It’s winter out here in Radiokop, the heaters are on, we’re waking up a little bit later every day, kind of waiting for the sun to make it above the neighbor’s roof and into the bedroom window before heading out from under the duvet. The days are a long oil slick of late night editing, coffee and the occasional venture out into the yard to see if summer is on it’s way. We’re not holding our breath.
We’re also tidying up, repainting the house, backing up old photos, working on the next portfolio, servicing the cameras, checking the batteries. In the last season I have gone through less flash batteries than I have ever before. I seem to be going back to my roots, unobtrusive, natural light documentary work. Natural light for me is all about the emotion of that moment, it’s about the atmosphere of the room and the little smiles between couples.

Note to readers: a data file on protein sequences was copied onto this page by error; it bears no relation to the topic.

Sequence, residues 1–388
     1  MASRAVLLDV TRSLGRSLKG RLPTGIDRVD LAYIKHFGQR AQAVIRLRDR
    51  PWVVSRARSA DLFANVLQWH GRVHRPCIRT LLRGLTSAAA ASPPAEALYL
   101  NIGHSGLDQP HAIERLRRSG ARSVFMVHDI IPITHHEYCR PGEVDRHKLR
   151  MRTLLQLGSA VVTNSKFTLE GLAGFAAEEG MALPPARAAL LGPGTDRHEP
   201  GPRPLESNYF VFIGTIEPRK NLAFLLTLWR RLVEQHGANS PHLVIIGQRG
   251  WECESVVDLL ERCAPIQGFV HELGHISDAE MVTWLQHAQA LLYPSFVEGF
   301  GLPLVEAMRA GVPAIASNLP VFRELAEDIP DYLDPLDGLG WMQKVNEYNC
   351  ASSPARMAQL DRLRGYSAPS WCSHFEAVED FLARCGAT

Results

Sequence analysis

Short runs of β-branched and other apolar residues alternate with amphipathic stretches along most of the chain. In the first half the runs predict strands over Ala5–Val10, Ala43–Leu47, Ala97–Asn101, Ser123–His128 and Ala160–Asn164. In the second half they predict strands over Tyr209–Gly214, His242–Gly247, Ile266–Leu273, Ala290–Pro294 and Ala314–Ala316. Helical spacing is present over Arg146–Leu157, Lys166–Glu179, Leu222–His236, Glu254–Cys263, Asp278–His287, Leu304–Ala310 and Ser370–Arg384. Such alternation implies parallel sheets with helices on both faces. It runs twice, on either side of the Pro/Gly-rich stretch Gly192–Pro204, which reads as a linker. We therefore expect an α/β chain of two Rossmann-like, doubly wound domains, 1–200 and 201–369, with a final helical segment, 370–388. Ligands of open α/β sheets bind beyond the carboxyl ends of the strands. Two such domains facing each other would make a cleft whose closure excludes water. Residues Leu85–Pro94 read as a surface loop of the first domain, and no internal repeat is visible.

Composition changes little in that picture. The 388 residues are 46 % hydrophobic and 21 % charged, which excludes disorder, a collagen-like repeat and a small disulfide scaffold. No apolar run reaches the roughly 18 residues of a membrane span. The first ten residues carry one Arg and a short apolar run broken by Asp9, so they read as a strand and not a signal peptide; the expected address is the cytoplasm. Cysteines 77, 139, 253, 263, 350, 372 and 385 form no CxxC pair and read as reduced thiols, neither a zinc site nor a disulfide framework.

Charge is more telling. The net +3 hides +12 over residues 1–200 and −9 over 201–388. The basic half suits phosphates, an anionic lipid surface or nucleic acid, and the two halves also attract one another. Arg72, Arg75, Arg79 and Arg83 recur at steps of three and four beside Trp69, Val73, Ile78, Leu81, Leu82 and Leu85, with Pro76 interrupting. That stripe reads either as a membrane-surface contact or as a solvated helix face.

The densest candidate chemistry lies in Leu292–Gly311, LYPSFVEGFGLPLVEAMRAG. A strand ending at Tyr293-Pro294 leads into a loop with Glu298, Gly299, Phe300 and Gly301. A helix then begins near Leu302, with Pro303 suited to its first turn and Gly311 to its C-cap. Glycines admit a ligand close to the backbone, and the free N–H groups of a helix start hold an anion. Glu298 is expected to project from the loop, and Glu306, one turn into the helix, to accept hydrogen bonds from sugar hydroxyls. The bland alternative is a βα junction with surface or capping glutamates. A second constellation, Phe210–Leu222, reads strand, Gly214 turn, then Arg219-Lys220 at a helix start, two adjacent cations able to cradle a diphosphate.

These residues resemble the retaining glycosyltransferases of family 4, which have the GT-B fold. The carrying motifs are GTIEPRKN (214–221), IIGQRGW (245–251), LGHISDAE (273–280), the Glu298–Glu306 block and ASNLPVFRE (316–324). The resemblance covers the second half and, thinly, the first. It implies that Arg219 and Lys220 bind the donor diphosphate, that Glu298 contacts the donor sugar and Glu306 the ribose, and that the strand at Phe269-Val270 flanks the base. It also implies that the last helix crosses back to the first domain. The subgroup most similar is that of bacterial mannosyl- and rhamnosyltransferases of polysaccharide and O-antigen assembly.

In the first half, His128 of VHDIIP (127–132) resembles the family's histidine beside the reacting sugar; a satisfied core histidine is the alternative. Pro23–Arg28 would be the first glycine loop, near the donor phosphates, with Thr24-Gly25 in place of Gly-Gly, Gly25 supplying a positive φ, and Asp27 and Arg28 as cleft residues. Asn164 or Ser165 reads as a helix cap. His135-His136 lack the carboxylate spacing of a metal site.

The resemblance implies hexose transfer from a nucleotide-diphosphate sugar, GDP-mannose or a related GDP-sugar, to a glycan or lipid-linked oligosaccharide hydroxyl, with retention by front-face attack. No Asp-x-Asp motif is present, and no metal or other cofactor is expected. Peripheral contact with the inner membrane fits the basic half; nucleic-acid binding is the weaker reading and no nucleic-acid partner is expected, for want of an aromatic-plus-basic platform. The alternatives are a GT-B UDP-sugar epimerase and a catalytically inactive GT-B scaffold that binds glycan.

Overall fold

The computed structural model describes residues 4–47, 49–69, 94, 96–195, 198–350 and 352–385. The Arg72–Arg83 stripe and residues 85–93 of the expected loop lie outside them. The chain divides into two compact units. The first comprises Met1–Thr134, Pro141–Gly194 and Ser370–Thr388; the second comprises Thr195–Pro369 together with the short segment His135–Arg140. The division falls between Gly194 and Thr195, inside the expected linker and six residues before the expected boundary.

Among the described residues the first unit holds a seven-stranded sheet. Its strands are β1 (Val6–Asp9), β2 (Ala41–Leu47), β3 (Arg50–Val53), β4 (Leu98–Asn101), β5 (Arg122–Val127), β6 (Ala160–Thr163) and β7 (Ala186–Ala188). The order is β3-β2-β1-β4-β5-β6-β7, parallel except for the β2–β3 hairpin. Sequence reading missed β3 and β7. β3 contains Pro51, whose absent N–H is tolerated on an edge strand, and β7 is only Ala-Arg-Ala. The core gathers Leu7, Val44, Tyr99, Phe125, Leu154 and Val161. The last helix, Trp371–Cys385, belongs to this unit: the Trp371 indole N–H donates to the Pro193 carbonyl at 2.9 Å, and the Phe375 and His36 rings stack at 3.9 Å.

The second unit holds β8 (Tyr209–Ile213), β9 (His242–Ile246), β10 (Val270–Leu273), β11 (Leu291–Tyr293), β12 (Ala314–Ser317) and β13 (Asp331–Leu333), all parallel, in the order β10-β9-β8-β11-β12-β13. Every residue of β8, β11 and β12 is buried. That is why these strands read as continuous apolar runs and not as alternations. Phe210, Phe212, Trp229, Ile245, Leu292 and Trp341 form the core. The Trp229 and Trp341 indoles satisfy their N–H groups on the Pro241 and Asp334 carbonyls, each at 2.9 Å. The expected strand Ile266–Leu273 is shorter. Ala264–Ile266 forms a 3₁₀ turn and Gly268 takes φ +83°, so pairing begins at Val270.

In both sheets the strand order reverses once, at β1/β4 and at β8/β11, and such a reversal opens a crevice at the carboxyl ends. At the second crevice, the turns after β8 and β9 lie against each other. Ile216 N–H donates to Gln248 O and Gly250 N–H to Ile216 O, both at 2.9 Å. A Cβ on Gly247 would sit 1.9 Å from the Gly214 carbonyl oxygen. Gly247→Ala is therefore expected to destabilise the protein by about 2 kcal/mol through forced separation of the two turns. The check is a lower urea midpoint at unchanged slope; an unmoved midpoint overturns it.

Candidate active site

In an industry where the norm seems to be images that are lit by several off-camera flashes, sharpened to a crisp, having had the atmosphere surgically removed, I prefer the quiet moments, something more organic, not so over-sharpened and dehumanized. A quiet moment, captured quietly. I prefer the glow of candlelight, fairy lights or even a videographer’s spotlight to the hyperreality pumped out by a flash. I think that the atmosphere of the reception room says as much about the moment as the expressions on people’s faces. It doesn’t have to be perfect, but it has to say something. You know what I’m trying to say? Sometimes the photos look so very digital, they look like the life was sucked out of them. I prefer the imperfections. The moments not caught in a flash.
Anyway, the cats are wondering when summer will be back. I’m off to make another cup of coffee, I can hear the intro music to House on the telly.